The iPhone Native Mail App vs The Gmail App
Both of these apps are capable of recieving emails from Gmail but they are, in fact, completely different.
Occasionally, an excited email designer contacts us, saying, “I was testing on my iOS and suddenly my styles are working in Gmail! It’s actually responding to my responsive design!” Or a frustrated designer will email us, saying, “I thought responsive designs worked on the iPhone? My customer says this email isn’t working at all.” These misunderstandings have a common source: confusion about the mail apps for the iPhone (and the rest of the iOS family.)
Quick tip: The easiest way to tell these two apart at a glance is the status bar at the top of the screen, which displays the current time, battery power, reception and so on. If the status bar is black, it’s the Gmail app. If the status bar is blue, it’s the native Mail app.
Sometimes things get confusing in the wild.
A Gmail account can be connected to the native mail app, or a user can choose to download the Gmail app itself. These two clients don’t render emails quite the same way, so it’s important to know the difference. This is especially true when it comes to responsive design, which isn’t functional in the Gmail app. In fact, the Gmail app strips out the entire style block.
How do users get these apps?
The native “Mail” app is so called because it comes installed on all iOS devices. The Gmail app is available for free download from the app store. Users may install more than one mail app on their phones, which means that a phone with both apps can display a given email both with and without responsive design.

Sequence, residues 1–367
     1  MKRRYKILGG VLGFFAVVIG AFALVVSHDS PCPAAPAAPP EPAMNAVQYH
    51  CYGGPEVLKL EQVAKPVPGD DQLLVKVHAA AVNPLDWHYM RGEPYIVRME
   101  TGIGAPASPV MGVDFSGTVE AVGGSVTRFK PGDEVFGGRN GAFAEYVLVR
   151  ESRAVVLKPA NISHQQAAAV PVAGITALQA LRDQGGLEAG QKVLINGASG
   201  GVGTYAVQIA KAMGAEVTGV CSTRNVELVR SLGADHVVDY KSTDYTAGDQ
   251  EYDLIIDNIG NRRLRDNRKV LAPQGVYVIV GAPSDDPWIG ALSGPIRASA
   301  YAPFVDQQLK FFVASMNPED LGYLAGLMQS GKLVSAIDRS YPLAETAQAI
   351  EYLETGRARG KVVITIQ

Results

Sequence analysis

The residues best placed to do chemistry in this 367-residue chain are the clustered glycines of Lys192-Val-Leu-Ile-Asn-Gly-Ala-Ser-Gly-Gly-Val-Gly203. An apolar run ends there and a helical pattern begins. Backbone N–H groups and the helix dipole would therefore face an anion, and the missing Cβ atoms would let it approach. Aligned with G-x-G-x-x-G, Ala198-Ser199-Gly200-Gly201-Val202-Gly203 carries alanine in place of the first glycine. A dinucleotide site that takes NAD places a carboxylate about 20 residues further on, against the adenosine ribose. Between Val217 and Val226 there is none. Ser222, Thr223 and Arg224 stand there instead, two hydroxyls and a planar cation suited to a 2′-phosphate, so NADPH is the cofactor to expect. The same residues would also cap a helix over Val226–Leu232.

Let’s take a look at the visual differences between these two apps.
|Native App Icon||Gmail App Icon|
|Native “Mailboxes”||Gmail “Tabs”|
From this screen, it’s easy to tell the difference between these two apps. The native mail app (left) has “Mailboxes” at the top, with blue on white. The “Tabs” screen of the Gmail app (right) has lighter text on a dark background and should have a mailbox called “Primary” at the top. Note that the status bar at the top of the screen (with time, battery power, etc) is black in the Gmail app in all screens. Touch “Inbox” in the native app or “Primary” in the Gmail app to go to the next example screen.
|Native Inbox||Gmail Inbox|
The native mail app’s inbox (left) uses a blue on white interface. The button at the top-left reads “Mailboxes.” In the Gmail app’s inbox (right), the interface is grey on white, and the top-left button has three lines. Next we’ll look at a responsive email in both clients.
|Responsive Email in Native App||Responsive Email in Gmail App|
The native mail app (left) has an increased font size and a different header layout. In the Gmail app (right), this email’s text is too small and the header is still all on one line. If you’re curious about responsive design, or need a responsive email for testing, check out our responsive template.
If you’re having trouble with a responsive design, check out our article on 7 tips for designing for the iPhone. If it’s the Gmail app you’re curious about, check out our 12 Things you MUST Know when Developing Emails for Gmail and Gmail Mobile Apps blog.
Got a question not covered here? Let us know in the comments below!
Author: Alex Ilhan
Hailing all the way from England, Alex brings his email development expertise along with an endless stream of cups of tea and British cynicism. Follow him on Twitter: @omgitsonlyalex.